The iconic Red River Gorge needs no introduction for rock climbers. Home to main stays like Natural Bridge State Resort Park and Miguel’s Pizza, Slade has a full menu of different adventures and local restaurants to explore.
This Jackson County Trail Town sits at the intersection of the Sheltowee Trace and US Bike Route 76. In addition to these major trail systems, there is camping and trails for both off-road vehicles and equestrians.
On the banks of the Green River in Hart County sits Munfordville. Outside paddling and well-kept local hiking trails, Munfordville has made a name for itself as a home for elite, competitive barbecue and as a place where you may find yourself on the set of a movie.
Cave City + Horse Cave
These adjoining towns cross county lines but offer much in the way of outdoor adventure and local restaurants. Anchored by Mammoth Cave National Park, there are miles of trails, local cycling routes, caves, and even zip lines to experience.
This southern Kentucky town is a jumping off point for visitors coming to Green River Lake State Park and its namesake reservoir. Mountain bike and equestrian trails can be found, as well as plenty of water sports and excellent fishing. Make sure to allot enough time to enjoy all downtown has to offer, including local barbecue, a coffee shop, and full-service bike shop.
Hazard, Ky. is home to US Bike Route 76, an extensive trail network for ATVs and UTVs, and the North Fork of the Kentucky River. In recent years, local groups have developed a world-class trail system just outside of Hazard.
Estill Twin Cities
Irvine and Ravenna are historic river and railroad towns in beautiful Estill County. The Kentucky River highlights current outdoor adventures, with plenty of railroad related history, attractions, and restaurants available in town.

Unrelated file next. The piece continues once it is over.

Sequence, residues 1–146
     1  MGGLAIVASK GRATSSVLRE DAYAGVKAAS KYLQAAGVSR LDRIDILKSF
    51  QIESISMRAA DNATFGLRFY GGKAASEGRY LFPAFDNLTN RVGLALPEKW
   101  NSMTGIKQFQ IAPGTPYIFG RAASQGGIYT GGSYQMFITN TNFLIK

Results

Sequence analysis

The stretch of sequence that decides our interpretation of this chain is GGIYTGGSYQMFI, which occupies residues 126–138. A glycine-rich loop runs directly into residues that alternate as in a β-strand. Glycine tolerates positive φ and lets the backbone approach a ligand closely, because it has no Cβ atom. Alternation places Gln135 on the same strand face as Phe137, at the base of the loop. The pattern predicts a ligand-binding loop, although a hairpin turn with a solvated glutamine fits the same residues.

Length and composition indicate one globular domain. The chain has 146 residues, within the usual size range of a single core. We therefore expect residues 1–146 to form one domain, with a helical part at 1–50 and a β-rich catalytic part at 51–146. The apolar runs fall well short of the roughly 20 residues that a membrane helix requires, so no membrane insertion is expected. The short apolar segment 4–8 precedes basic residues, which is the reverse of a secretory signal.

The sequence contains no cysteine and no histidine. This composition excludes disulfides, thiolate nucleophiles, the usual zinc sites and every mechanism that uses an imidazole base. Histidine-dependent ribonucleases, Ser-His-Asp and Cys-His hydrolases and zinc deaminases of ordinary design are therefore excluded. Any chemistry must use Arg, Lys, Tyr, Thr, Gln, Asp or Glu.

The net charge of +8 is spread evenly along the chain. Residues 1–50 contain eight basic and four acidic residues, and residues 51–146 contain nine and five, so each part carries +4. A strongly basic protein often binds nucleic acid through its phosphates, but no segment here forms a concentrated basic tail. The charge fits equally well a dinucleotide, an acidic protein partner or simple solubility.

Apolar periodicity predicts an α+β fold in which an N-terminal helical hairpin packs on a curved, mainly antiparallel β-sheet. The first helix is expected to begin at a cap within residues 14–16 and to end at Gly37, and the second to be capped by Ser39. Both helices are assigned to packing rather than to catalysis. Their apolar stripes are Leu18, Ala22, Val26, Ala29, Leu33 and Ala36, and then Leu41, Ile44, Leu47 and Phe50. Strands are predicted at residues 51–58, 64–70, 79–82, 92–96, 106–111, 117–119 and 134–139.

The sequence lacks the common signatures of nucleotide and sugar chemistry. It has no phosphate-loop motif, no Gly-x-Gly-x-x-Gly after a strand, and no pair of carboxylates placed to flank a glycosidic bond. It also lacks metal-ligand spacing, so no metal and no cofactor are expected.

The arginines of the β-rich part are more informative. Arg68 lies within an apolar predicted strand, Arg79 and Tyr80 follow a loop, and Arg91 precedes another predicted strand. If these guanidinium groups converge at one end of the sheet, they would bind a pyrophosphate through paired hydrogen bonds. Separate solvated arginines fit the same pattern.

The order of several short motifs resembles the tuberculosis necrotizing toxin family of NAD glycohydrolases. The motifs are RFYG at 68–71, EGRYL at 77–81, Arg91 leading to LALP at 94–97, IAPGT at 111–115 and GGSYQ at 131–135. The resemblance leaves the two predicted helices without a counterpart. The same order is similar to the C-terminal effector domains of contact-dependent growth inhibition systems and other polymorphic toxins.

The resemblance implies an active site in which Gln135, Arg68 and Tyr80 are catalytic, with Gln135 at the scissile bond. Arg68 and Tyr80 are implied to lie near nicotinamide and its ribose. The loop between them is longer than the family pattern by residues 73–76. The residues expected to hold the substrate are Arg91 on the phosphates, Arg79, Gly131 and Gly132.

Another gateway to Mammoth Cave, Brownsville also provides access to Nolin Lake State Park. Mountain biking and paddling are two popular activities for visitors and locals in Brownsville. The local farmers market is one to be sure to visit if given the opportunity.
Don’t be fooled by the moniker of Kentucky’s “first urban Trail Town,” Elizabethtown is full of great outdoor adventure. As the name implies, they have the community assets to fully compliment their long list of trails and parks. Local restaurants, museums, and bourbon bars are just some of what you’ll find in this central Kentucky Trail Town.
Downstream from other Trail Towns on the Green River lies Morgantown. Several river-focused events highlight the calendar for Morgantown, and a scenic downtown offers an artist guild and local businesses worth a stop.
Park City is a picturesque town at one end of the Mammoth Cave Railroad Hike Bike Trail, one of Kentucky’s oldest Rails to Trails. A grand old hotel now serves as a charming bed and breakfast. Local cyclists have found a welcoming rest stop in Park City. A soon to be certified Dark Sky city, Park City will offer a one-of-a-kind type of nightlife for star gazers.
Cover photo: Paddling Rocky Gap State Park. Photo courtesy Allegany County Tourism